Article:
4. Learn the language of persuasion. Do you believe in hypnosis? You think it’s all about acting like a chicken? It’s a lot more different that you think because hypnosis is actually the art of persuasion through suggestion but the participant must be somewhat willing to agree. Leaders, teachers and counselors commonly use conversational hypnosis which is hypnosis through speech and touch.

An example of persuasion could be found in Shakespeare’s Richard III where Richard of Gloucester attempts to seduce Lady Anne after killing her husband. That’s right—murdering her own spouse in cold blood. And what’s more, she knows it and she knows that he knows it. Most horrifyingly of all, the body of Anne’s husband is right in the same room with them.

Richard’s approach is incredibly clever. Of course, he flatters and flirts, and of course, he demonstrates at least a modicum of penitence about his deeds. But what wins Lady Anne over in the end is his vulnerability. Throughout the play, Richard is surprisingly open and frank about his physical deformities as he is basically an ugly, handicapped hunchback.

In this particular scene, Richard gets on his knees and even asks Anne to stab him, or if not, he resolves to do it himself. While these are all simply premeditated histrionics, they work. And they wouldn’t work if Richard did not expose himself as such. Sir Ian McKellen does an excellent portrayal of Richard in Richard Loncraines’ movie adaptation–he physically demonstrates how exposure works in the art of persuasion.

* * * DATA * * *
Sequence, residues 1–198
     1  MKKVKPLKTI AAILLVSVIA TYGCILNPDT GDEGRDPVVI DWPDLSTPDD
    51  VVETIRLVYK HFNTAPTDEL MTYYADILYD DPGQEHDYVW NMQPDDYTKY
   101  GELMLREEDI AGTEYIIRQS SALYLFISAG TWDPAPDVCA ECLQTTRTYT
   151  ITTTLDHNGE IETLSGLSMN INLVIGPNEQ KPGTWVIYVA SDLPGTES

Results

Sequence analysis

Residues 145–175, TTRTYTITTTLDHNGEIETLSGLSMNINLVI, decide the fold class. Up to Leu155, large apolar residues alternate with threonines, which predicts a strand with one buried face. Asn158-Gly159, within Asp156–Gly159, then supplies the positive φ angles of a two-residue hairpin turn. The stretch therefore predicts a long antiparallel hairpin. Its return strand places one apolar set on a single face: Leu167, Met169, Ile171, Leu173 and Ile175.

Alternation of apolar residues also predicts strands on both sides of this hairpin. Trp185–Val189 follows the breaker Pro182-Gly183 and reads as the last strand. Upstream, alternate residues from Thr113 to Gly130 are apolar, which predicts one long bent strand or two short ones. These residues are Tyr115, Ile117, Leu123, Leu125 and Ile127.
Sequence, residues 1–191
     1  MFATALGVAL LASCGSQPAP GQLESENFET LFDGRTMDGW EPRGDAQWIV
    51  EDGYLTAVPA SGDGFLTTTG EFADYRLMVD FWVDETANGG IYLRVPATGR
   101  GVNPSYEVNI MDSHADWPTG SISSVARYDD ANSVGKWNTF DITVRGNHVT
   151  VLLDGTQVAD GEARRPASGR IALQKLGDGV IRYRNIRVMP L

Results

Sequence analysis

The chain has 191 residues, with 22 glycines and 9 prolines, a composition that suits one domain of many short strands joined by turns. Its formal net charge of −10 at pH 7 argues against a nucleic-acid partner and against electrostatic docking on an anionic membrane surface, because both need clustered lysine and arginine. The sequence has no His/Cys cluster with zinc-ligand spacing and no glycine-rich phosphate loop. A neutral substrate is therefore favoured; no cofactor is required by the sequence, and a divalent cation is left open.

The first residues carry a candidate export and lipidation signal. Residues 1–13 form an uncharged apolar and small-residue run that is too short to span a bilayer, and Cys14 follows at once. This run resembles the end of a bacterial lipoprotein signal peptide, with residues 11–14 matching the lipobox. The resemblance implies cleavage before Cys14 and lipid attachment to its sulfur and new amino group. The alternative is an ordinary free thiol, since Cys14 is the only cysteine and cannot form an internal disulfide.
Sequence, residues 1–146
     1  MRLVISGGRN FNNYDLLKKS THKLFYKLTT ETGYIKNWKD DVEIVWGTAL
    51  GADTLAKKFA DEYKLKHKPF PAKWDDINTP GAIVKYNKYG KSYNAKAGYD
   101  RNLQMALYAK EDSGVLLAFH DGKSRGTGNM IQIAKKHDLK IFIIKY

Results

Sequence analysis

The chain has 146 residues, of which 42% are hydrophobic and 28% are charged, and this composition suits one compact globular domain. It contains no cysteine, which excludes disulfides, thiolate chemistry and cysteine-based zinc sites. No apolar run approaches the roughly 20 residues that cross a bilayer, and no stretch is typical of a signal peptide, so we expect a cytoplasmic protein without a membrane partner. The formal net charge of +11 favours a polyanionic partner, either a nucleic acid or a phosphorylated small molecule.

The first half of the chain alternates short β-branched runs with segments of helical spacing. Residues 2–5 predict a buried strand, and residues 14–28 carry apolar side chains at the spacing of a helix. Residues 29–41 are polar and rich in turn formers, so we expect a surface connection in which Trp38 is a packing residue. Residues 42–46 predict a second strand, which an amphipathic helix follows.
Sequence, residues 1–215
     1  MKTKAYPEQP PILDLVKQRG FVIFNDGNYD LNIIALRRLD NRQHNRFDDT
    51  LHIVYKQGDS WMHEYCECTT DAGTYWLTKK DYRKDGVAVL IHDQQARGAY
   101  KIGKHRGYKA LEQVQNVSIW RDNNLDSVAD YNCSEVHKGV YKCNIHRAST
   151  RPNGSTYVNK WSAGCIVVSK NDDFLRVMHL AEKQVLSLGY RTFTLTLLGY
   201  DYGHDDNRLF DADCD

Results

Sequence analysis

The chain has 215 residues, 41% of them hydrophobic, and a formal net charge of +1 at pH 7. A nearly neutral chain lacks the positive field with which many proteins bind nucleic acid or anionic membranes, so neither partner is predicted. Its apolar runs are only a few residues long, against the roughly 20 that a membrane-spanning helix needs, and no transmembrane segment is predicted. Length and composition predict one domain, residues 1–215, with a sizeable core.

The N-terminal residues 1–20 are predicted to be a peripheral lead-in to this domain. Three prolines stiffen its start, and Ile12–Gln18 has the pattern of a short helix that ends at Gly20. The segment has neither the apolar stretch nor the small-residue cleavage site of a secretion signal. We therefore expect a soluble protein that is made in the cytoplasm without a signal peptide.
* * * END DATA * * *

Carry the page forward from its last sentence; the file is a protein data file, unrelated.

So next time you want to win someone over either for romantic purposes or simply for the sake of argument, expose yourself. Leave no sordid, ugly detail hidden. As long as you are calm and confident about your past, your conversation partner will be inspired to do the same thing. Afterward, arguments become easier to reckon with. Sharing of a personal nature will enable you to figure out how it is that their minds work, but only after listening carefully. And then you can go in for the kill.


There are other more ethically wrong methods that like deception, subliminal advertising, power plays (sociology), brainwashing and mind control however are not tolerated because these techniques are morally wrong and some are considered illegal in most countries.

Power persuasion is a useful and essential tool to the world today. To utilize this ability is to gain success in businesses, speeches and influencing people around you. Your most essential skills to accelerate you to your success.